Ohio History Journal

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Strikebreakers, Evictions and Violence:

Industrial Conflict in the

Hocking Valley, 1884-1885



In 1904 Boston trade unionist Frank K. Foster called the strikebreaker

an "industrial excresence . . . the Iscariot of the industrial world."

That same year novelist Jack London coined his famous definition of

the "scab." A strikebreaker, wrote London, "is a two-legged animal

with a corkscrew soul, a water-logged brain, and a combination back-

bone made of jelly and glue. Where others have hearts he carries a

tumor of rotten principles." So damnatory was London that he thought

strikers had the moral right to kill those who took their jobs and broke

their struggle.1

Like most trade unionists and radicals of his time, London assumed

that strikebreakers and violence went hand in hand. Labor historians

have also shared this view. In a recent survey of industrial violence,

H. M. Gitelman contends that the introduction of strikebreakers in-

variably produced sharp conflict. "Most worker-initiated strike vio-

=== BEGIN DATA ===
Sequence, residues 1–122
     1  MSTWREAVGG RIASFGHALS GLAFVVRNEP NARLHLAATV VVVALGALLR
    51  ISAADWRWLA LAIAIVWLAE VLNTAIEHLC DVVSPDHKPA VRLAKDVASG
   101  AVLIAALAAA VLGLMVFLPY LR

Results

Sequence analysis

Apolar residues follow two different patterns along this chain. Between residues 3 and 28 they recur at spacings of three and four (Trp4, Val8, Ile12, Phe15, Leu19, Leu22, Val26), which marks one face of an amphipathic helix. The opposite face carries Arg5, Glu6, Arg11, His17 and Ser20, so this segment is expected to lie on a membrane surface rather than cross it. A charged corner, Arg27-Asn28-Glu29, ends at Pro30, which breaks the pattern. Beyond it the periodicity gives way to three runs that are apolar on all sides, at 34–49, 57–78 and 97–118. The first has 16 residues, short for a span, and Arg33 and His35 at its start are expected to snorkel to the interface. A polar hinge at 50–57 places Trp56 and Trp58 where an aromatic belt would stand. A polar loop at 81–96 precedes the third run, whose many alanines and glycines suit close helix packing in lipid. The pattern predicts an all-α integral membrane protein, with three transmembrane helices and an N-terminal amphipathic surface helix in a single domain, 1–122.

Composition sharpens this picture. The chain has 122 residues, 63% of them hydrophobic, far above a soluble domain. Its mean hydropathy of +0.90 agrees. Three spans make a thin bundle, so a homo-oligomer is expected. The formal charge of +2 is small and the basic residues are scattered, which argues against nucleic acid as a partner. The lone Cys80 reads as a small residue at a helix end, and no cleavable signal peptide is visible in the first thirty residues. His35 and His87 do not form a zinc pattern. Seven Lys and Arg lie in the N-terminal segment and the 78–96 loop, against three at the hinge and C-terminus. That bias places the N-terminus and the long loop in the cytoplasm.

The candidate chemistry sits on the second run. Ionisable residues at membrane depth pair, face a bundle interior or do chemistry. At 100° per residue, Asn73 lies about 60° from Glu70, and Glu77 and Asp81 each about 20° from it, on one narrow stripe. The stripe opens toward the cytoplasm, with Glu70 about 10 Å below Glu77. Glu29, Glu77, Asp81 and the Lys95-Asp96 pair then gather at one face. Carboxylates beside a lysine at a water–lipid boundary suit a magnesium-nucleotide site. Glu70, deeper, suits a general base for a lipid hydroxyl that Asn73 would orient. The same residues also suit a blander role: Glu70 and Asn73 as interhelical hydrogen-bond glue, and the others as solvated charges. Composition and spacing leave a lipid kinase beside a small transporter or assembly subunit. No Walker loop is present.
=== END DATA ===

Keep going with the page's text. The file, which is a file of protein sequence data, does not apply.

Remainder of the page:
lence," wrote Gitelman, "took the form of physical assaults upon

strikebreakers and upon fellow employees who attempted to cross

picket lines."2 Similarly, Philip Taft and Philip Ross believed that

strikers responded "to strikebreakers with anger. Many violent out-

breaks followed efforts of strikers to restrain the entry of strikebreakers

and raw materials into the plant." In their wide-ranging survey of in-

dustrial violence, Taft and Ross found strikebreakers physically at-

tacked in the Anthracite Strike of 1902, the Westmoreland County coal

strike of 1909-1912 and a host of other labor disputes.3 Additionally,



George Cotkin will receive his Ph.D. in History from The Ohio State University in

June 1978.



1. Frank K. Foster, "Reply to President Eliot," The Papers of Charles W. Eliot, Har-

vard University; Jack London, "The Scab," (1904) as quoted in Leonard Abbott, ed.,

London's Essays of Revolt (New York, 1928), 65.

2. H. M. Gitelman, "Perspectives on American Industrial Violence," Business His-

tory Review, XLVII (Spring 1973), 11, 15.

3. Philip Taft and Philip Ross, "American Labor Violence: Its Causes, Character,